Speaker 1: (05:13)
And I don't mean this as like an insult to chiropractors, but you know what I mean. Like if you look at the hierarchy of, uh, of like, um, uh, reputation and esteem and integrity and whatever you want to call it, if you ask like anyone on the street, if you go to the gas station and the grocery store, like who do you, who do you trust and respect more? A medical doctor or a chiropractor, 70, I don't know what the, but most people would say, yeah, I trust a medical doctor more than a chiropractor. As sad as that sounds like, I know it's a lot of BS, but that's really where we are in our culture. And he goes, so when you position yourself as a medical office, when you're integrated, you get rid of a lot of that, like a, that preconceived notion of what chiropractic is and what it isn't.
Speaker 1: (05:53)
So you're positioning yourself, uh, as a more valuable office when you integrate. And I thought like that. Okay. That made a lot of sense. And uh, and so, and also you said, all right, so now, so you've got those two things. You have higher reimbursement, you have better authority in your practice, but you also have a bunch of other things that you can bill for. So not just adjustment and rehab. You can bill for, you know, trigger point injections and durable medical equipment and ultrasound guided injections and STEM cell therapy and like the NCV test and these, all these different things that you can now tap into as an integrated office. And I remember thinking like, yeah, that's kinda cool from a business standpoint. But that was the, that was the first time. And I remember thinking this, I'm like, yeah, but like, that's not chiropractic.
Speaker 1: (06:37)
And something like, hit me here. And I'm like, mm. Like, I don't know if I'm going to open that door, right? Like I almost felt like even thinking about it was kind of selling out my practice and my patients and my philosophy on chiropractic. So I was, this was the, this was the argument in my head. I can stay chiropractic and do what I'm doing, which I was doing relatively successfully and do that for the next 30 years. Or my other option was I can integrate and the downs. So the integration would be I make more money, I have more time. And the only bad thing was like, I feel like I'm kind of selling my soul a little bit. And I don't know if that resonates with anybody listening, but that's how I felt that at the time. And I really, really didn't want to be like, look back 20 years from now and feel like I remain kind of this mom and pop shop.
Speaker 1: (07:29)
Like I didn't reach my full potential. And that was like the turning point in my, in my mind. Like, okay, I need to do integration. And, um, and so those little door, I felt like this little door opened up inside of me that I just kind of opened up Pandora's box. I had the feeling, I didn't know why I felt that way, but I just felt like this could go wrong if I, if I let it go wrong. But I was, I was determined to make it go the right way and to serve my patients the best way possible and also to grow and expand my practice, uh, for, for, for financial reasons to be honest. And so we, we integrated our practice and, uh, we hired a consultant and he told me right out of the gate, this is going to be hard. And I really appreciated his honesty cause it was really hard.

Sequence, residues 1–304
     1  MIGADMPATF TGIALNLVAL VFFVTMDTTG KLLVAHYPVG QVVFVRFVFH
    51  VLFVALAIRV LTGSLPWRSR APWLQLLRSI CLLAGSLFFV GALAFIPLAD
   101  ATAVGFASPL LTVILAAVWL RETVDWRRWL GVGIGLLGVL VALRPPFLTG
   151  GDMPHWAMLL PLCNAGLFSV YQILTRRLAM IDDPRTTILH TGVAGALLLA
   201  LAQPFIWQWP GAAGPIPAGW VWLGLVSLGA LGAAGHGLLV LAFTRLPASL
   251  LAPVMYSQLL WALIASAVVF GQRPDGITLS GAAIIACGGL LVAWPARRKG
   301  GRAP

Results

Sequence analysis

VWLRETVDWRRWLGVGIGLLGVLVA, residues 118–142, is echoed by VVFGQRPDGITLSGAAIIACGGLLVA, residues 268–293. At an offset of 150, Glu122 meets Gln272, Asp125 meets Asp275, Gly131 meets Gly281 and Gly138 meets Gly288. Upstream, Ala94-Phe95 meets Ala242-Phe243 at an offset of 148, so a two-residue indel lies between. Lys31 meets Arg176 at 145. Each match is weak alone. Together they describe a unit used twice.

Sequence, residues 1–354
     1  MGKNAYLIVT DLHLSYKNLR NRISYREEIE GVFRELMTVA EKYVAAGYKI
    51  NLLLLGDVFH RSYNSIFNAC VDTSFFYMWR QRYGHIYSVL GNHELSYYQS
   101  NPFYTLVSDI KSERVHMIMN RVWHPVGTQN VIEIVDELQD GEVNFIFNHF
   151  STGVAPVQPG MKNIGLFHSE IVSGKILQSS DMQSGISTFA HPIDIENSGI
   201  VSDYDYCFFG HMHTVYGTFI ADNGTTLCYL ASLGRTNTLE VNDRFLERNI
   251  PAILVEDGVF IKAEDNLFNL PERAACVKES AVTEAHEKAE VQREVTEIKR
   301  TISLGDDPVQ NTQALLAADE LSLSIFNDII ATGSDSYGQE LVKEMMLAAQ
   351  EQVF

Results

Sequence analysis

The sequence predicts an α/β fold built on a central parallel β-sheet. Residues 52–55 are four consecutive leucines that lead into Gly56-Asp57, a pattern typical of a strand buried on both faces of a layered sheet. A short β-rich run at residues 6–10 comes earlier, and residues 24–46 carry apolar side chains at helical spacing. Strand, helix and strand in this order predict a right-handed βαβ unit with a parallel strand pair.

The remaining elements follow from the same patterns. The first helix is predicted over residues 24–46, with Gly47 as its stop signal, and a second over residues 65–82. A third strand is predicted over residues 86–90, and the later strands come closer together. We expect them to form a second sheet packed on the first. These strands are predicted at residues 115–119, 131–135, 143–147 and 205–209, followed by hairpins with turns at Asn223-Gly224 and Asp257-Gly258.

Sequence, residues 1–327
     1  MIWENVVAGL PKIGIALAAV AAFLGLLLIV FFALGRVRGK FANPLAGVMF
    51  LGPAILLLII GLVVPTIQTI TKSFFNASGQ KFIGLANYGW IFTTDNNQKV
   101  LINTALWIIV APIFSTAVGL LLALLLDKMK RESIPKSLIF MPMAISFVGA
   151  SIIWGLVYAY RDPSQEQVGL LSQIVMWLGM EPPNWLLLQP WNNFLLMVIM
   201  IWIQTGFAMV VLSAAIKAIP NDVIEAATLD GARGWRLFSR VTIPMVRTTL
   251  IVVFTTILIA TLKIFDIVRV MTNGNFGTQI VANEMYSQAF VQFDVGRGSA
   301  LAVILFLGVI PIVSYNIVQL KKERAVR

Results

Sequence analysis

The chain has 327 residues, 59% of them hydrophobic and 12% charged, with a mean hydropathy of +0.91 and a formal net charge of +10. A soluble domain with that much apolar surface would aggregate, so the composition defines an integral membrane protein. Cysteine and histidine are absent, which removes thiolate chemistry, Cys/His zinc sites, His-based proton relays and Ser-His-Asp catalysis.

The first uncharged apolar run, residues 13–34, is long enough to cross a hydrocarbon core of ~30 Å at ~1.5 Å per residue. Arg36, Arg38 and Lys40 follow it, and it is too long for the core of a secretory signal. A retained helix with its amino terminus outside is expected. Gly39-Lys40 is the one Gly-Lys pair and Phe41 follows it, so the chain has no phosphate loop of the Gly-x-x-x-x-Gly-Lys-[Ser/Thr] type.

Speaker 1: (08:10)
And you know, you said it's going to take anywhere from 70,000 to a hundred thousand dollars to get this thing started. So I had this chunk of money saved up for integration. I said, okay, if it's gonna take 70 to a hundred thousand bucks to get started, I better have some cushion in case things go wrong. So I had about 200,000 I doubled that number. Worst case scenario, I had 200K saved up in a bank account to make this new integrated model go smoothly. So we started the process, we integrated and uh, I thought it was going to take about about three to six months to uh, to get credentialed. And this is important because if you're not credentialed with blue cross blue shield and United and Medicare, you're screwed because you've now introduced this really like high overhead model and if you don't have any insurance checks coming in, like you're going to run out of money pretty quickly.
Speaker 1: (08:55)
And, and that is exactly what happened to us. So we integrated and we were waiting for credentialing. Month one goes by, month two goes by, month three, four, five, six months go by and we're waiting and waiting and waiting for credentialing to happen. And we heard crickets and this was like my wife and I would like, we would like be waiting for the mailman to show up with insurance checks and like calling blue cross blue shield. Like where, where, where are we in the process? And they had no answers for us. And then we were this close, this close to running out of money, like we went through our entire bank account. That 200 K was gone in a really short amount of time. And we're like, what are we going to do? Like we almost shut down the whole operation and then finally answered prayer.
Speaker 1: (09:39)